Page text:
In addition to its close proximity to Drake Passage near South America’s southerly tip, Chile shares borders with Peru to the north, Bolivia to the northeast and Argentina to the east.
Chile shipped US$75.5 billion worth of products around the globe in 2018. That dollar figure represents a tiny percentage (0.4%) of overall global exports estimated at $17.546 trillion one year earlier during 2017.
From a continental perspective, over half (53.8%) of Chilean exports by value were delivered to Asian countries while 17.9% were sold to North American importers. Chile shipped another 14.5% to European nations while 12% worth went to other Latin American countries (excluding Mexico) plus the Caribbean. Much smaller percentages went to Africa and Oceania led by Australia.
Chile’s Top Trading Partners
Below is a list showcasing 15 of Chile’s top trading partners, countries that imported the most Chilean shipments by dollar value during 2018. Also shown is each importing country’s percentage of Chile’s total exported products.
- China: US$24.5 billion (32.5% of total Chilean exports)
- United States: $10.6 billion (14.1%)
- Japan: $6.8 billion (9.1%)
- South Korea: $4.4 billion (5.8%)
- Brazil: $3.4 billion (4.6%)
- Peru: $1.8 billion (2.4%)
- Spain: $1.7 billion (2.2%)
- Netherlands: $1.6 billion (2.1%)
- Canada: $1.6 billion (2.1%)
- India: $1.5 billion (2%)
- Mexico: $1.3 billion (1.8%)
- Taiwan: $1.3 billion (1.7%)
- Switzerland: $1.1 billion (1.5%)
- France: $1.1 billion (1.4%)
- Germany: $1 billion (1.4%)
Well over four-fifths (84.5%) of Chilean exports in 2018 were delivered to the above 15 trade partners.
Fastest-growing among trade partners importing goods from Chile were Switzerland (up 184.2%), China (up 28.2%), France (up 20%) then Mexico (up 13.8%).
Declining export sales from Chile were led by India (down -31.4%).
As defined by Investopedia, a country whose total value of all imported goods is higher than its value of all exports is said to have a negative trade balance or deficit.
It would be unrealistic for any exporting nation to expect across-the-board positive trade balances with all its importing partners. Similarly, that export country doesn’t necessarily post a negative trade balance with each individual partner with which it exchanges exports and imports.
Chile incurred the highest trade deficits with the following countries:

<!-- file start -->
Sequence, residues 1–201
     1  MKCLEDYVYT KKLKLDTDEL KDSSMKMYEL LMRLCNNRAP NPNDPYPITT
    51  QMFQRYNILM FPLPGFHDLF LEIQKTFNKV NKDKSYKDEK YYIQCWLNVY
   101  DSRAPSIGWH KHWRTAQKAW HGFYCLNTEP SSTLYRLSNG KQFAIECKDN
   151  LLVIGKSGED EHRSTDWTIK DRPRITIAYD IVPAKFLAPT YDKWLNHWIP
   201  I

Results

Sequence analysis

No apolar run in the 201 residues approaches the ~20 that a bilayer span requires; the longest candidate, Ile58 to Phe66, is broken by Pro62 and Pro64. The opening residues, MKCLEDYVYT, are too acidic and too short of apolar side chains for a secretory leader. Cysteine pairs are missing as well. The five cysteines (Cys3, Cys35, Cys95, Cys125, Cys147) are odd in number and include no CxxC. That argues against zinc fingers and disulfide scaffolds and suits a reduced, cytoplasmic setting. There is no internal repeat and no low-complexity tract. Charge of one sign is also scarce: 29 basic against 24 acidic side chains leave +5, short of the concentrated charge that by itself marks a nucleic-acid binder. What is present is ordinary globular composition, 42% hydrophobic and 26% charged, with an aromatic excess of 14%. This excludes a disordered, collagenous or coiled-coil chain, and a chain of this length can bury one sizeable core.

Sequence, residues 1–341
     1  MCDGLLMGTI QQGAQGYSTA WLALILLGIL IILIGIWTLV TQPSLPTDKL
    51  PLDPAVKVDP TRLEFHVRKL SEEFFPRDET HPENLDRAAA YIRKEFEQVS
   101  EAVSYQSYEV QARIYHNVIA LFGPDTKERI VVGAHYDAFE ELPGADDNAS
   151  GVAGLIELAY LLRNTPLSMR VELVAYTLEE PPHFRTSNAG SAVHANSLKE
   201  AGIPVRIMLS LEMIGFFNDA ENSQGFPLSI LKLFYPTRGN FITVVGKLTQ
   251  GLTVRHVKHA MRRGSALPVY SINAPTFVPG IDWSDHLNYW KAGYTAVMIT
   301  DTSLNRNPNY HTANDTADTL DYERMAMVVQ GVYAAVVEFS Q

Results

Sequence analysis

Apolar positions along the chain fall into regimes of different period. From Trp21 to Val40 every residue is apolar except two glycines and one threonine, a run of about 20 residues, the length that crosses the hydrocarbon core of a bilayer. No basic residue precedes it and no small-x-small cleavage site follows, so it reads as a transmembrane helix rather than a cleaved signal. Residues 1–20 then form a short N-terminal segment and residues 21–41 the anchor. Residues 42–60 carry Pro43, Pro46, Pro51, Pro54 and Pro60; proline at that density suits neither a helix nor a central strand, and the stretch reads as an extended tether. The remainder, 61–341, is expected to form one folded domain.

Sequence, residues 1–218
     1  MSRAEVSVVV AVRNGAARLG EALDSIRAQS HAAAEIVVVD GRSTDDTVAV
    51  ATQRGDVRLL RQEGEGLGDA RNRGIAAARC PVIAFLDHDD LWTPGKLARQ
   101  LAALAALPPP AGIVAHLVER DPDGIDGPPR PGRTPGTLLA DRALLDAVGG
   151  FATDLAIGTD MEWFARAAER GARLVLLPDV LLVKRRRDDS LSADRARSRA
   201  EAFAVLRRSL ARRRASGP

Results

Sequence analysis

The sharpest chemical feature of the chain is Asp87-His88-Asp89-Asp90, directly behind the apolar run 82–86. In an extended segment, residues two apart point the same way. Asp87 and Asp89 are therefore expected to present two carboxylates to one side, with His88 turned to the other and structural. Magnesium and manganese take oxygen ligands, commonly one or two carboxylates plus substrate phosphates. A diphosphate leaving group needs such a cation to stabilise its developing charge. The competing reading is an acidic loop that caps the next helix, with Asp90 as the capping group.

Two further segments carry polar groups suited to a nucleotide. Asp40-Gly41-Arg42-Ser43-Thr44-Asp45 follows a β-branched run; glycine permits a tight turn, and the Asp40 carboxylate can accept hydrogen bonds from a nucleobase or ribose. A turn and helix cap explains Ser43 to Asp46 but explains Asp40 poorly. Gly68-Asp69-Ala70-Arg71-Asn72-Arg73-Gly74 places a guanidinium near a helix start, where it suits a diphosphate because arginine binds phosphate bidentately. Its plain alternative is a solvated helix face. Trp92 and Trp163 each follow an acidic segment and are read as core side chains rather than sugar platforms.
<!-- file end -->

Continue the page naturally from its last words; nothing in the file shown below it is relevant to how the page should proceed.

- Brazil: -US$3.2 billion (country-specific trade deficit in 2018)
- Argentina: -$2.5 billion
- United States: -$2.5 billion
- Germany: -$1.8 billion
- Ecuador: -$1.1 billion
- Mexico: -$975.4 million
- Trinidad/Tobago: -$684.3 million
- Colombia: -$603 million
- Thailand: -$530.3 million
- Paraguay: -$505.8 million
Among Chile’s trading partners that cause the greatest negative trade balances, Chilean deficits with Paraguay (up 1,575%), Brazil (up 45.8%) and United States (up 41.3%) grew at the fastest pace from 2017 to 2018.
These cashflow deficiencies clearly indicate Chile’s competitive disadvantages with the above countries, but also represent key opportunities for Chile to develop country-specific strategies to strengthen its overall position in international trade.
Overall Chile earned a $6.9 billion trade surplus in 2018, up 65.2% from the $4.2 billion in black ink for 2017.
Based on Investopedia’s definition of net importer, a country whose total value of all imported goods is lower than its value of all exports is said to have a positive trade balance or surplus.
Chile incurred the highest trade surpluses with the following countries:
- China: US$9.1 billion (country-specific trade surplus in 2018)
- Japan: $4.8 billion
- South Korea: $2.7 billion
- Netherlands: $1.1 billion
- Taiwan: $1 billion
- Switzerland: $869.2 million
- Russia: $857.7 million
- Canada: $712.8 million
- Peru: $705.7 million
- India: $533.2 million
Among Chile’s trading partners that generate the greatest positive trade balances, Chilean surpluses with Switzerland (up 504.1%), China (up 155%) and Russia (up 33.9%) grew at the fastest pace from 2017 to 2018.
These positive cashflow streams clearly indicate Chile’s competitive advantages with the above countries, but also represent key opportunities for Chile to develop country-specific strategies to optimize its overall position in international trade.
Companies Servicing Chilean Trading Partners
According to Forbes Global 2000 rankings, the following 8 companies are examples of leading Chilean companies:
- AntarChile (investment services)
- BCI-Banco Credito (regional bank)
- Cencosud (food retail)
- CorpBanca (regional bank)
- Falabella (department stores)
- Latam Airlines (airline)
- Quinenco (investment conglomerate)
- SQM Materials (diversified chemicals)
See also Chile’s Top 10 Exports, Chile’s Top 10 Imports and Top South American Export Countries
The World Factbook, Field Listing: Imports, Central Intelligence Agency. Accessed on February 9, 2019
Trade Map, International Trade Centre, www.intracen.org/marketanalysis. Accessed on June 29, 2019
Forbes 2015 Global 2000 rankings, The World’s Biggest Public Companies. Accessed on February 9, 2019